Anaerobic Digestion (AD) of Organic Waste Is a Sustainable Waste Management Facility

Anaerobic Digestion (AD) of Organic Waste Is a Sustainable Waste Management Facility

Asim Yaqub (Department of Environmental Sciences, COMSATS University Islamabad, Abbottabad, Pakistan), Kamal Hussain (Department of Environmental Sciences, COMSATS University Islamabad, Abbottabad, Pakistan), Kinza Irshad (Department of Environmental Sciences, COMSATS University Islamabad, Abbottabad, Pakistan), Iftikhar Zeb (Department of Environmental Sciences, COMSATS University Islamabad, Abbottabad, Pakistan), Rashid Nazir (Department of Environmental Sciences, COMSATS University Islamabad, Abbottabad, Pakistan), Muhammad Bilal (Department of Environmental Sciences, COMSATS University Islamabad, Abbottabad, Pakistan) and Huma Ajab (Department of Environmental Sciences, COMSATS University Islamabad, Abbottabad, Pakistan)
DOI: 10.4018/978-1-7998-0369-0.ch026

Abstract

Sustainable waste management of biodegradable waste is one of the serious concerns in developing countries. The energy production from organic waste material by anaerobic digestion (AD) is environmentally sound, energy-efficient, and economical technology that degrades substrate, with minimum production of harmful metabolites, and reuse of its byproducts as bio-fertilizers. The use of small-scale biogas digesters in developing countries and industrial scale or integrated biogas digesters in developed countries has been operationally upgraded. These advancements in the application of AD processes are due to multiple factors, including the economic and environmental value of AD technology, and the dynamics of a range of policies and measures related to agricultural sector, waste control, and green energy production. However, compared to other waste management and energy generation methods, AD requires fewer resources and cost investment, and is therefore sustainable for waste control and energy production.
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Introduction

Waste production has become one of the growing concerns for today’s world. It is produced by various sources such as, industries, agriculture and municipal systems. The increasing heaps of garbage and their poor management results in several environmental problems, health concerns and safety hazards, thus supporting the concept of unsustainable development, in terms of resource recovery and recycling of waste materials. The world is looking to achieve sustainable development targets by resource recovery and efficient solid waste management practices. The developed countries and metropolitan cities around the world are implementing the waste reduction strategies through policy guidelines, by adopting the “waste management hierarchy”, which encompasses minimum waste generation from source, reuse, recycling and energy generation from waste material.

Waste management includes the use of technologies and processes to reduce the waste being produced on domestic and industrial level. The waste can be solid waste, agricultural waste, organic municipal waste, hospital waste, radioactive waste and hazardous chemical waste. Improper solid waste handling i.e. storage, collection and disposal practices, give rise to ecological and public health anomalies. Different landfill sites that are not properly managed, are the hub of toxic gases (e.g. carbondioxide; CO2, methane; CH4, carbonmonoixide; CO and hydrogen sulfide; H2S).Among these gases, methane (CH4) is the chief contributor of environmental problems, as (CH4) is a greenhouse gas and is one of the causative agent of global warming (Pratt et al., 2015). Waste management is a serious problem for developing countries, but in developed countries, many practices have been adopted for waste reduction and turning it into useful products and energy (Ikhlayel, 2018).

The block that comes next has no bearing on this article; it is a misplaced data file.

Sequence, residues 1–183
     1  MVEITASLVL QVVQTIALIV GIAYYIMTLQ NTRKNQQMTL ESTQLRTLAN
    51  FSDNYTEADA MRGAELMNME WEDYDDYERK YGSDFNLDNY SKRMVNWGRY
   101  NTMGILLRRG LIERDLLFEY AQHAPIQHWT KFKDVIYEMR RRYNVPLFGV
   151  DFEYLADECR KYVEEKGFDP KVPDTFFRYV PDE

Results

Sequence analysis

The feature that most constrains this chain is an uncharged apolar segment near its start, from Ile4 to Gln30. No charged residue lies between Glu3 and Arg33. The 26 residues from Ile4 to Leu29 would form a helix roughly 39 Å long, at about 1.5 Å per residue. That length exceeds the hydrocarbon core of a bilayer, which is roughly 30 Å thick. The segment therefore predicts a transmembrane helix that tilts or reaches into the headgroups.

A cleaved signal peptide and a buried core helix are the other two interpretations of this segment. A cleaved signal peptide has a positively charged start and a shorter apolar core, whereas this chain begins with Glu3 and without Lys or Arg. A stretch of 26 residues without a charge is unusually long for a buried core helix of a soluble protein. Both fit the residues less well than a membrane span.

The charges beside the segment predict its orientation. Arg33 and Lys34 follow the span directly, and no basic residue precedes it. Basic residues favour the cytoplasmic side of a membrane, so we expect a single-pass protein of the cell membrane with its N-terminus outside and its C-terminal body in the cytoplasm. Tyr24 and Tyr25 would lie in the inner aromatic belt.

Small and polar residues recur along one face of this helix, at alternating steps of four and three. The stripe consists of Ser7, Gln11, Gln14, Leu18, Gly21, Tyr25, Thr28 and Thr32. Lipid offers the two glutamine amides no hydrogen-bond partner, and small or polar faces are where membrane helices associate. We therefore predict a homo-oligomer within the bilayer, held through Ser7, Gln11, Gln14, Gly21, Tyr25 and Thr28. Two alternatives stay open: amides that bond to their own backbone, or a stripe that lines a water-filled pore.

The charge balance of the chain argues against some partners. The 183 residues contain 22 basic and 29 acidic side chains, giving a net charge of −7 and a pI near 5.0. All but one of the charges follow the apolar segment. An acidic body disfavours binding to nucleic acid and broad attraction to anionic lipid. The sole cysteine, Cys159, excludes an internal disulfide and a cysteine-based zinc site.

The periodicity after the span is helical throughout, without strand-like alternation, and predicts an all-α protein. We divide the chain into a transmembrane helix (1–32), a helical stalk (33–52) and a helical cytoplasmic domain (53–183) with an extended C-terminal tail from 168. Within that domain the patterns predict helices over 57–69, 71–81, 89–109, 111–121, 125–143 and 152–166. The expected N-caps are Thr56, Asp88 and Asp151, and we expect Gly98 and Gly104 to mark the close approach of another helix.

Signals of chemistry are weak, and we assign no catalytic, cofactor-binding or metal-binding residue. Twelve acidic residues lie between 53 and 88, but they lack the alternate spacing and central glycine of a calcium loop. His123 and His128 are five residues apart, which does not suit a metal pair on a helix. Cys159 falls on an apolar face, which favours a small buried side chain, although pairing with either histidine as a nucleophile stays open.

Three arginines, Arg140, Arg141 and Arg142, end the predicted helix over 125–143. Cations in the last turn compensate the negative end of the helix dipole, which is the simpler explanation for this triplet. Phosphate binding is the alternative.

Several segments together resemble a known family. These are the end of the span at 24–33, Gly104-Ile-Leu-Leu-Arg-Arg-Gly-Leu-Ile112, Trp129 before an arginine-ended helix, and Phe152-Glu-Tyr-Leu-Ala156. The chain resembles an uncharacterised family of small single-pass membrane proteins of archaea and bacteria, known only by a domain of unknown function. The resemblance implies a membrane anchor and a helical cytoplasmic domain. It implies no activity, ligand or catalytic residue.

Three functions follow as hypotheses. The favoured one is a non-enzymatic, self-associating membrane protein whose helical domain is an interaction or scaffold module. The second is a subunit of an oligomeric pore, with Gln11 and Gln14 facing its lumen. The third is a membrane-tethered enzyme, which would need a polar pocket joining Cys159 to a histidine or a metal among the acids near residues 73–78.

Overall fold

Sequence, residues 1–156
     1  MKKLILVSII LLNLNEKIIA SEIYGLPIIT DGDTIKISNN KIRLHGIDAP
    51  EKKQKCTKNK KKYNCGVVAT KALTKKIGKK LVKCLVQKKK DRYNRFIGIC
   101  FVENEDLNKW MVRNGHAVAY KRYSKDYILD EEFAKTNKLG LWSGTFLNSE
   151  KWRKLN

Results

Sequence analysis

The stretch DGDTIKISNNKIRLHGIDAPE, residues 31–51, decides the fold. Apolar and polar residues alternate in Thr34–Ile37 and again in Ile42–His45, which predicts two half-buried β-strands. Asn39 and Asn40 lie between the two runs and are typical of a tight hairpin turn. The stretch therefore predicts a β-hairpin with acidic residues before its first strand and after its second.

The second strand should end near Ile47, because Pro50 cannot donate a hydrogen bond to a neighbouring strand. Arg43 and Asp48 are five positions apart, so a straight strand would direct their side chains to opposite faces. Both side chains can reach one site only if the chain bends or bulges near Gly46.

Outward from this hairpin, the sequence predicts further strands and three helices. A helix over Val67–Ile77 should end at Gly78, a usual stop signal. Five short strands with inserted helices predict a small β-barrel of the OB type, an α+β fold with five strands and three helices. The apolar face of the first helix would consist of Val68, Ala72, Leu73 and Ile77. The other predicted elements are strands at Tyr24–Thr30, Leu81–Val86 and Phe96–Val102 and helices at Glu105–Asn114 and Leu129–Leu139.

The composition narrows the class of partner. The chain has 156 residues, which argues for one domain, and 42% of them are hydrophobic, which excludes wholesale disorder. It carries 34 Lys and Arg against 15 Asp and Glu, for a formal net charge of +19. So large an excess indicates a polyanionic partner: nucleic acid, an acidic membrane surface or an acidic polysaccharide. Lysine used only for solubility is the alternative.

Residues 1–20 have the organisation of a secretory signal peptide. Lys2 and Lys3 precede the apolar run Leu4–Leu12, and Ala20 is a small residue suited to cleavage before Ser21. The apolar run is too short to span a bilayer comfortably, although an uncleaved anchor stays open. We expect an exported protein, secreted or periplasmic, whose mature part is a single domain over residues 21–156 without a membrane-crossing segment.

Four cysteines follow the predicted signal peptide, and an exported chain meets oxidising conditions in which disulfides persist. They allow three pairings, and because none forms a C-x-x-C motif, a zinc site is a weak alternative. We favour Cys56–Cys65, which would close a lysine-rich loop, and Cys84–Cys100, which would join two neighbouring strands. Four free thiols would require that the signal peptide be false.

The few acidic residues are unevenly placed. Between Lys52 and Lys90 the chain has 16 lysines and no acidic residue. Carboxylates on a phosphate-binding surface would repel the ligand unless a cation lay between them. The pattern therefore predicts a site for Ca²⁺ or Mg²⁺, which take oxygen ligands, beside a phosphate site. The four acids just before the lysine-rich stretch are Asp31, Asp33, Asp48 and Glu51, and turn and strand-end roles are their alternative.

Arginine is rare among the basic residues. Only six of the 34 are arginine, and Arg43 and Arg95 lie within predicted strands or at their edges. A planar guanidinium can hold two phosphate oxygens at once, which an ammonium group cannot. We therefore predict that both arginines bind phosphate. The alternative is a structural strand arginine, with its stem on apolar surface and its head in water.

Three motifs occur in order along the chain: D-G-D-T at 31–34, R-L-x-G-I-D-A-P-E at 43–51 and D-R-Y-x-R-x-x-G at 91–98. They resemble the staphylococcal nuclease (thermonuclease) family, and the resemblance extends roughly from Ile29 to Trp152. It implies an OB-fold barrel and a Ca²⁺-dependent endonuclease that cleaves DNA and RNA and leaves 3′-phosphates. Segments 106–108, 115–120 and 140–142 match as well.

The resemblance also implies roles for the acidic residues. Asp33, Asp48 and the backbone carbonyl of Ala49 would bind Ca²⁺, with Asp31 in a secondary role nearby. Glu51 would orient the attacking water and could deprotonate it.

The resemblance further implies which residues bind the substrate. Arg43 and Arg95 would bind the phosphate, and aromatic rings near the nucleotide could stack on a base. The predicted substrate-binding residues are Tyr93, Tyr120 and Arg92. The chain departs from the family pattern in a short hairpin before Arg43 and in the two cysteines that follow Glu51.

Besides waste management, depletion of the natural energy reserves is another major concern (Amini et al., 2017). The exploitation of the fossil resources not only brings about declination of the reserves, but also contributes to the environmental problems especially greenhouse gas emissions (Naik et al., 2010). The swelling population in turn is causes an excessive use of natural or non-renewable sources (Jabeen, 2018), leading to a threat of exhaustion of non-renewable fossil fuel resources, environmental problems and future energy security. Numerous incentives are under way to substitute non-renewable resources with renewable resources and reducing fossil fuel reliance, and ecological concerns. The attention is shifting towards alternative sources of energy, such as waste to energy conversion and biomass energy production (Kumar and Samadder 2017).

Biomass has the key role among all the resources in the production of sustainable energy in a diverse and widespread energy crises condition. It can serve as a better alternative to meet present and future energy requirements. Currently, 10-14% of the world energy demand is fulfilled by biomass utilization, along with supporting energy need of 80% of the world rural communities (Steven B. Kennedy 2018). The total percent of the basic energy provided by biomass resources varies from developing to developed countries. In the developed countries the share of world energy is 14% by biomass resources which is equal to 72 EJ and approximately 40% of the total energy in the developed countries. Half of the world population is living in rural areas of developing countries, using most of the biomass for the energy purpose, such as Kenya, Brazil, India, China, and Pakistan use 68%, 25%, 47%, 13% and 27% biomass for energy, respectively.

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